Last year’s best performing fund in Citywire’s blended asset class – ZAR Balanced achieved an annual return of 44.1%. And co-manager Ian Anderson thinks that’s in large part because of his differentiated asset allocation.
The R 1.4 billion Counterpoint SCI Managed P&G fund quadrupled its benchmark and ranked first out of 159 funds in its category. The fund’s benchmark, which was up 10.9% over the year ended October, is consumer price inflation plus 6%.
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The asset classes that significantly contributed to the fund’s performance were local real estate and preferred stocks. Domestic stocks, especially small and mid-cap stocks and local dividend-paying companies, have also played a key role.
“The performance of the fund is a function of the differentiated portfolio, which has a higher average allocation to growth assets,” said Anderson of Counterpoint Asset Management. Citywire South Africa in an interview. The other portfolio manager of the fund is Richard Henwood.
Anderson added that the portfolio has seen a strong rally over the past 18 months due to its weight in domestic stocks and real estate.
“We don’t have direct exposure to offshore, which is very unusual for a high equity multi-asset fund. However, we get that offshore exposure through rand hedges, ”he said.
The fund aims to provide South African investors who are looking for retirement income.
“We have stakes in good quality South African companies which increase their dividends over time. We complement this with a higher allocation to listed real estate to strengthen performance.
“The fund’s income yield is just under 7%, which is high for a balanced fund with 80% to 85% exposure to growth stocks. It’s a function of the value in the South African market right now. The domestic equity component of the fund returns 5.5%, ”said Anderson.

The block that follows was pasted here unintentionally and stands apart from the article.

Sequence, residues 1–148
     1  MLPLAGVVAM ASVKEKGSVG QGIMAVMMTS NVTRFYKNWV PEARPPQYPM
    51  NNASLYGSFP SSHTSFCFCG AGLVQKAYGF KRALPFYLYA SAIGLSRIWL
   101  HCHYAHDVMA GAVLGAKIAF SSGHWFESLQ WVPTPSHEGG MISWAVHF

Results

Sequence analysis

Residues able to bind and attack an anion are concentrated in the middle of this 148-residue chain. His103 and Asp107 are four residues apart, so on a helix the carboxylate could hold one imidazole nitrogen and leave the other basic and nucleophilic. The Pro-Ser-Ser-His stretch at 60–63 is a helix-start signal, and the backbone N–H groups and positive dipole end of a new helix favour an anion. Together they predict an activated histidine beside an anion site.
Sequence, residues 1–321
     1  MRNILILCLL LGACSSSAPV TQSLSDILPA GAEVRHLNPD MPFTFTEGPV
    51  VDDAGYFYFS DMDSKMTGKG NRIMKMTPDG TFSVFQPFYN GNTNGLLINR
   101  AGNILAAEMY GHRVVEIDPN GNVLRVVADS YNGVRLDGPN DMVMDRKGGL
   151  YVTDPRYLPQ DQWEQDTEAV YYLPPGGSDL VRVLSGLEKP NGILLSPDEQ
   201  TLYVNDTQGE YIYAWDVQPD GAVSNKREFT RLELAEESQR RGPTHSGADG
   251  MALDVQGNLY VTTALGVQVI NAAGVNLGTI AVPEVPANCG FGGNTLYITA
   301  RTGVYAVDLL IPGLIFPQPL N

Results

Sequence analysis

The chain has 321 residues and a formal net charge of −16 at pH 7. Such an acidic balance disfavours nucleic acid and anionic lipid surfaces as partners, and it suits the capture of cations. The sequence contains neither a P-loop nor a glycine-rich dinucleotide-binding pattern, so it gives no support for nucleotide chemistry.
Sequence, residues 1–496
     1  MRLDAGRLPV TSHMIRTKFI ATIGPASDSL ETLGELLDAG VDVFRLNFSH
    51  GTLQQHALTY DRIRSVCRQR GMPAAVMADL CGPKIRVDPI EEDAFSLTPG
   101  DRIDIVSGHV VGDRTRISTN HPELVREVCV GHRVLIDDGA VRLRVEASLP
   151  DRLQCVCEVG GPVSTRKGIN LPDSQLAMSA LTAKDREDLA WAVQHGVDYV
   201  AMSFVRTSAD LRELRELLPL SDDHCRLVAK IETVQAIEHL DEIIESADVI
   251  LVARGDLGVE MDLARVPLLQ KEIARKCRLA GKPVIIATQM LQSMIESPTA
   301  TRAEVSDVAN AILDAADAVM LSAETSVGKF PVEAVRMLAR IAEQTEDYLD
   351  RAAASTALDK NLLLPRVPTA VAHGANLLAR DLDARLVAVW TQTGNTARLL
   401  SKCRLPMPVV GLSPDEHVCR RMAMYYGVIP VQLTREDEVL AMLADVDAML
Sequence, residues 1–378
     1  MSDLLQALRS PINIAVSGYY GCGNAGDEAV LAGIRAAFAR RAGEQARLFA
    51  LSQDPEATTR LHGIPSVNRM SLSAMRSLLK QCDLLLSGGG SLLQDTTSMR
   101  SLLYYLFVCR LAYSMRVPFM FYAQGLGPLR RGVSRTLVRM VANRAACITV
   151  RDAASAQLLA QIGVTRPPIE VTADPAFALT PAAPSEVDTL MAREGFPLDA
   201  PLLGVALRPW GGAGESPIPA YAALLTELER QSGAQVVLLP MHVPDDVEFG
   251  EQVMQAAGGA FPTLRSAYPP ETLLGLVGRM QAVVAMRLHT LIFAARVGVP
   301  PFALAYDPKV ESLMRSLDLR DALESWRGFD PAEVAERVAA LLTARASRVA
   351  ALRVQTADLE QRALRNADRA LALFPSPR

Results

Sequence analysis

“All of the shares held by the fund have started paying dividends again. Many of them are already paying dividends above 2019 levels. However, most stock prices are below 2019 levels. We expect the equity portion of the fund to increase dividend income by around 15% per year. over the next three years, ”he said.
Strong real estate exposure
He said it was unusual in South Africa for a balanced fund to have high exposure to listed real estate, which accounts for almost 21% of the portfolio.
“If we look at statistics from the Association of Savings and Investment South Africa, South African balanced funds generally have an aggregate exposure to listed real estate of around 3.5% of their assets,” Anderson said.
A large asset manager couldn’t achieve this kind of high real estate exposure, but a small asset manager like Counterpoint had the flexibility to do so, he said.
“We have also seen a substantial recovery of [listed property] dividends. We have benefited from a strong rally in quoted real estate equity prices driven by corporate actions as these huge discounts on net asset value become attractive. ‘
Another unusual asset allocation decision is that the fund has 5% of its assets dedicated to preferred stocks.
“This position was a big contributor to total return in 2021. We only own bank preferred shares. The fund invested in these securities over the last year, when they were trading at 65% of par, and the market was concerned about the health of banks and their ability to pay dividends, ”said Anderson.
Regarding the fund’s outlook, Anderson said he expects strong growth in capital values over the next 12-18 months as the world normalizes.
Since inception in March 2012, the fund has achieved an annualized return of 6.8% against a benchmark return of 11%.
Anderson attributed the fund’s lag in long-term performance to its domestic stance. Since 2018, South African domestically focused stocks and listed real estate stocks have experienced a substantial devaluation due to declining investor confidence. Offshore investors were also underweight South African assets, he said.
Justin Brown is a reporter at Citywire, which provides insight and information to professional investors around the world.
This article first appeared on Citywire South Africa here, and republished with permission.